10 Tips for the CSI in Your Life

10-tips for the CSI in your life

Every crime scene investigator works from a checklist, even if it’s an imaginary one they’ve tucked away in a far corner of their mind. Their mental wheels are in constant movement—What do I collect first? Should I take a photo of that object? Fingerprint the light switches? Collect the creepy crawling things? And, those real-life Sherlocks, well, they leave no stones, sticks, boards, mattresses, carpets, or dead bodies unturned.

Writers, too, often operate from a mental checklist when crafting their tales. Hmm…did I mention both writer and mental in the same sentence? Was that a slip of the tongue. Is it possible that our brains are… Anyway, here’s a quick set of ten must-do tips for the CSI in your life.

1. Clear firearms before packaging. If the firearm is contaminated with blood and/or tissue, then mark the outside of the container with a biohazard label. No surprises for the lab tech! And whatever you do, do not package firearms in plastic containers/bags. Plastic can act as an incubator for bacteria, and you all know that bacteria can destroy DNA, right?

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Arrowhead Forensics photo

2. Collect a sampling of all maggot sizes. But the largest ones will be the ones that normally indicate the time of death.

3. If the dirt is moving, collect it. There’s a bug in there that could make your case.

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Entomology evidence collection kit – Arrowhead Forensics photo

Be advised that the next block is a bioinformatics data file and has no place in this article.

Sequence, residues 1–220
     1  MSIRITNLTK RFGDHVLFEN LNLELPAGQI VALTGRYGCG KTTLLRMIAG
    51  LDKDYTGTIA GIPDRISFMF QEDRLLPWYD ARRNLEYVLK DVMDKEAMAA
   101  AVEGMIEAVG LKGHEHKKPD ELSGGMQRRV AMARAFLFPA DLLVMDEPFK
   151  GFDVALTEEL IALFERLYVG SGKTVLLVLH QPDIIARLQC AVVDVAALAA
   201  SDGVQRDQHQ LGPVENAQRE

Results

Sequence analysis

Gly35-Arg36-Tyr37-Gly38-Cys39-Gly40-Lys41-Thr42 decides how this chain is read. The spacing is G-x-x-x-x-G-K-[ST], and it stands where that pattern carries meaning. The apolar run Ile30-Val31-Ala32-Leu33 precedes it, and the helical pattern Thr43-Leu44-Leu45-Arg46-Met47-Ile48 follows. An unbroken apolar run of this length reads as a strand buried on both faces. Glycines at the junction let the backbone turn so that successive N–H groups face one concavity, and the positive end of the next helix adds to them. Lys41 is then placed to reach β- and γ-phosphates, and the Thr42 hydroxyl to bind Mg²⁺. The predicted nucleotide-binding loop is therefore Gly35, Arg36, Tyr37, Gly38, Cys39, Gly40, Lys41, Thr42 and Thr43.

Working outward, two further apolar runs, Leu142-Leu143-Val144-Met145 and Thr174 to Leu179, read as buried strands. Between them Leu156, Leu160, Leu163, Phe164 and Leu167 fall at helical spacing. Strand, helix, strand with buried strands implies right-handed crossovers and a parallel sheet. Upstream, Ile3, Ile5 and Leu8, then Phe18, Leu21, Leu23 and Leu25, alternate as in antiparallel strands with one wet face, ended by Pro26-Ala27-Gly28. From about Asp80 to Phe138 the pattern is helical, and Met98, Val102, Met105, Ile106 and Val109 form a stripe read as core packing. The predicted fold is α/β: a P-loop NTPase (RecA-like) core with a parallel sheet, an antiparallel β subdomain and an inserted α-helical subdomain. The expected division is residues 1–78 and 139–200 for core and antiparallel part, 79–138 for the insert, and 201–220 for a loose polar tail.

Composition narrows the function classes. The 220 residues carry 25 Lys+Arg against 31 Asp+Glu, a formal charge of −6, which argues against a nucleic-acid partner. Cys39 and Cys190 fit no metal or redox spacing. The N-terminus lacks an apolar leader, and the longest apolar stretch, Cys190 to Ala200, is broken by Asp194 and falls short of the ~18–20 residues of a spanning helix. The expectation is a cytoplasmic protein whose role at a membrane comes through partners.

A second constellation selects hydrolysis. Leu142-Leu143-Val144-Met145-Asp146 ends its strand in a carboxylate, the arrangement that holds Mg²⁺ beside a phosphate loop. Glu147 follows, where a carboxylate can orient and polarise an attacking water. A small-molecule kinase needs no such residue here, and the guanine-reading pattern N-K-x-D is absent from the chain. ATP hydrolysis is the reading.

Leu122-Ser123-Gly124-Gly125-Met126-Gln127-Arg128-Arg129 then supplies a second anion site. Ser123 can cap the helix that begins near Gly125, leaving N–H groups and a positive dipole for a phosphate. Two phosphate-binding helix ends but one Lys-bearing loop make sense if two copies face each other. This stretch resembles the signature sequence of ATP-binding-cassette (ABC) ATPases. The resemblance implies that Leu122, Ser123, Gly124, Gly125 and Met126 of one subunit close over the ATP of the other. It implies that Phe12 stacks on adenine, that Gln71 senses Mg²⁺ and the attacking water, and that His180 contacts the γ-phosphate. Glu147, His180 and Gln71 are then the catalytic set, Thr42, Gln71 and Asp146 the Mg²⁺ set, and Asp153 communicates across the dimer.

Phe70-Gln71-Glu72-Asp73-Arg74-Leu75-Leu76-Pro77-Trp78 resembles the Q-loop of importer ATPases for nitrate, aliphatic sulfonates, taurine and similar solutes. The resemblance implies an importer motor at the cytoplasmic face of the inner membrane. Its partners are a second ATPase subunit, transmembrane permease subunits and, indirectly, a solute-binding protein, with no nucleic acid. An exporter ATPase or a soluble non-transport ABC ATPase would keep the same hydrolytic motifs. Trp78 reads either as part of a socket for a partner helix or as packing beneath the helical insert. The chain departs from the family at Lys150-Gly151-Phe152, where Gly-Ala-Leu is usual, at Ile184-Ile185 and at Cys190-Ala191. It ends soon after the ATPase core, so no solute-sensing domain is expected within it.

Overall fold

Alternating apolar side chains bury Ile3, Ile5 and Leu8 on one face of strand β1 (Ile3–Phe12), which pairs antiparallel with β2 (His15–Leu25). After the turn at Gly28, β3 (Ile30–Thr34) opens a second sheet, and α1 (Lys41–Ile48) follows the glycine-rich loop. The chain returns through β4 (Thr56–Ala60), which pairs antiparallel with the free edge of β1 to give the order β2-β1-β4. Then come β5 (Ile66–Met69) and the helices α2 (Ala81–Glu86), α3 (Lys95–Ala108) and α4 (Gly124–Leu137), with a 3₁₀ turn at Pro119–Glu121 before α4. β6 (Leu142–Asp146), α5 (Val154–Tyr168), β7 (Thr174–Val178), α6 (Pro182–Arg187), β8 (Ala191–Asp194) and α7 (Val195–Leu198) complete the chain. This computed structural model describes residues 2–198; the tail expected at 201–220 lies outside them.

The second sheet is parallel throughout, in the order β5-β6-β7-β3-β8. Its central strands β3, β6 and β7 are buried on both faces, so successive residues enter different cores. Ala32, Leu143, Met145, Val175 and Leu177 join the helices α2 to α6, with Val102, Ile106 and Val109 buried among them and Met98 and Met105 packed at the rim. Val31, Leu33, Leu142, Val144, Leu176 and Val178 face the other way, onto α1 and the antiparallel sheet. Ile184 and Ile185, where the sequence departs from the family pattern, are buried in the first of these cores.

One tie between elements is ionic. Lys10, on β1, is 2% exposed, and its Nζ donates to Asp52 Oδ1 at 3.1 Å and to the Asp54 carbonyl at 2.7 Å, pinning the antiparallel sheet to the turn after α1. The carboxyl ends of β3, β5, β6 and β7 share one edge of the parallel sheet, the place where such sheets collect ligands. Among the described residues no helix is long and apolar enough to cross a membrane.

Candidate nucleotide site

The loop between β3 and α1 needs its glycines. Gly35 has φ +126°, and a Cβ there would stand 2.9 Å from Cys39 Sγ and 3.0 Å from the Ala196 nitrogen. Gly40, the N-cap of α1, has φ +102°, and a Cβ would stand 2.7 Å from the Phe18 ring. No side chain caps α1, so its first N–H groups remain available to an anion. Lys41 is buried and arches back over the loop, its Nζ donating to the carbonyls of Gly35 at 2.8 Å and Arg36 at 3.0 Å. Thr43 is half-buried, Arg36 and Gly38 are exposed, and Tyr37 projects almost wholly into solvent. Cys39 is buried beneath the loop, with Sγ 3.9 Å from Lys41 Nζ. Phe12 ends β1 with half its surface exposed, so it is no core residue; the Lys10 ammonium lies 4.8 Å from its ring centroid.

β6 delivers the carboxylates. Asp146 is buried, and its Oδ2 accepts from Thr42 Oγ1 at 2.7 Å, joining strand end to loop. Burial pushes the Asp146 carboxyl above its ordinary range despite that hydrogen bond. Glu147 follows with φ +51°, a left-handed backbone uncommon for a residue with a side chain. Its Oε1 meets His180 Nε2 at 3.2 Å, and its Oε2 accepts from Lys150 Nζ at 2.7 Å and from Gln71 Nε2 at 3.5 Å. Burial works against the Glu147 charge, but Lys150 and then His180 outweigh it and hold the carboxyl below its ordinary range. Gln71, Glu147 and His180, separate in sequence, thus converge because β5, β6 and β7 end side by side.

4. Record the temperature at the scene. Certain insects grow at certain temperatures.

5. Don’t forget the small stuff! Paint chips, plant seeds, leaves, soil, broken glass, tiny scraps of paper, etc. Either of those items, or a combination, could play a crucial role in identifying a suspect.

6. Photograph, photograph, photograph! And then take a few more pictures. You can never have too many.

7. Take impressions of tire and tool marks. BUT, do take a photograph of the impression before you cast it in case something goes horribly wrong with the casting material.

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Arrowhead Forensics photo

8. Map the scene. Fortunately, this can now be done electronically. Unfortunately, not all agencies have that luxury, therefore a hand-drawn diagram will have to suffice. By the way, 2015 Writers’ Police Academy attendees will have the opportunity to see 3D Crime-Mapping in action!

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Arrowhead Forensics photo

9. Search, search, search, until your feet simply refuse to take another step. Then, you may want to consider crawling. Do not leave any evidence behind!

10. Take your time. Don’t rush!

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